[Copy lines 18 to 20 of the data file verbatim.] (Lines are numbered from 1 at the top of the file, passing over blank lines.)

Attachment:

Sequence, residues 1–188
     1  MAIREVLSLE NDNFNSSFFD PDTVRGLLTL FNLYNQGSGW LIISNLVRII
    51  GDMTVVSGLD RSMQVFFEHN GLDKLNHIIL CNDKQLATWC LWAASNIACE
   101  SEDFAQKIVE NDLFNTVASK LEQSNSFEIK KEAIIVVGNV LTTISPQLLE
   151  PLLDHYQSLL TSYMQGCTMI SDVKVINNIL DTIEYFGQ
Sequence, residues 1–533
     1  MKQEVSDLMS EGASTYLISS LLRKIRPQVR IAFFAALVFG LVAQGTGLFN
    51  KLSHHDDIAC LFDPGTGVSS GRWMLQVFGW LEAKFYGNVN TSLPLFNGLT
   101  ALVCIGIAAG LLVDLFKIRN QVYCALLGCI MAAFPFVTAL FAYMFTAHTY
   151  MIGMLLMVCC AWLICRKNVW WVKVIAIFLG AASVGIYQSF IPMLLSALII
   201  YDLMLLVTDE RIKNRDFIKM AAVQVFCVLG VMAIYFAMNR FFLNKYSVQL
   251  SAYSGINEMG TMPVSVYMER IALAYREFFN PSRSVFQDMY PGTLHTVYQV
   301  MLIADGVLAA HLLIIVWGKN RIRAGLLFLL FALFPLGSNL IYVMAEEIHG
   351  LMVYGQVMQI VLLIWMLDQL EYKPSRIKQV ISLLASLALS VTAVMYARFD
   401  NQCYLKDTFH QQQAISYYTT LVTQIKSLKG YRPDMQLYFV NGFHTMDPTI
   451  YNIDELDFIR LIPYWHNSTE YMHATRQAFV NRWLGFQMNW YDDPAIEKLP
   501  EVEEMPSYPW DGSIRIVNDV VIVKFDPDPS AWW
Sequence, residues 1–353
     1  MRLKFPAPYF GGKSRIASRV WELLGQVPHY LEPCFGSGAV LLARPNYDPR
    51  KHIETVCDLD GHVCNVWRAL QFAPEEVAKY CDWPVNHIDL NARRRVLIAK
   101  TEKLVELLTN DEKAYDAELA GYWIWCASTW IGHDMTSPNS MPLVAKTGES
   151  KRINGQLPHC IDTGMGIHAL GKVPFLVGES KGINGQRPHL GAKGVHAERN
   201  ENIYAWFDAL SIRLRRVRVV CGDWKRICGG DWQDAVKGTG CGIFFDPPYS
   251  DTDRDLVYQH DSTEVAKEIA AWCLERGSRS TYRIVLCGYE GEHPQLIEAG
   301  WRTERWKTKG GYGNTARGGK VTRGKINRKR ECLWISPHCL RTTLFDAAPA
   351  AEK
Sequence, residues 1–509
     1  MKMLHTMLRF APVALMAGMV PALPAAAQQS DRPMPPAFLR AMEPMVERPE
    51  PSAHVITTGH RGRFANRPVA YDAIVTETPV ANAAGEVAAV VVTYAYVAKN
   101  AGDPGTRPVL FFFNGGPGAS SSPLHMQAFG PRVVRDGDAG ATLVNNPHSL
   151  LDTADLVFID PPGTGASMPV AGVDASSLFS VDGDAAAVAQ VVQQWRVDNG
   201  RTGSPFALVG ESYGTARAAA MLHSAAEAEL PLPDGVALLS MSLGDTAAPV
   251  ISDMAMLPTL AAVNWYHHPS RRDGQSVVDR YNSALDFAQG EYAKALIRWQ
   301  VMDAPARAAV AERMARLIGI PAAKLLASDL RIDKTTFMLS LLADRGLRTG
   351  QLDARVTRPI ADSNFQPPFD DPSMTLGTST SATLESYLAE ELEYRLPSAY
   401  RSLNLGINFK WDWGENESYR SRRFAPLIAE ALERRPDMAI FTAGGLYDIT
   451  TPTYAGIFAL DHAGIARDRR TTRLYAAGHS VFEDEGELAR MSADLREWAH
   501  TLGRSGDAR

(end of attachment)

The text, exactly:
Sequence, residues 1–353
     1  MRLKFPAPYF GGKSRIASRV WELLGQVPHY LEPCFGSGAV LLARPNYDPR
    51  KHIETVCDLD GHVCNVWRAL QFAPEEVAKY CDWPVNHIDL NARRRVLIAK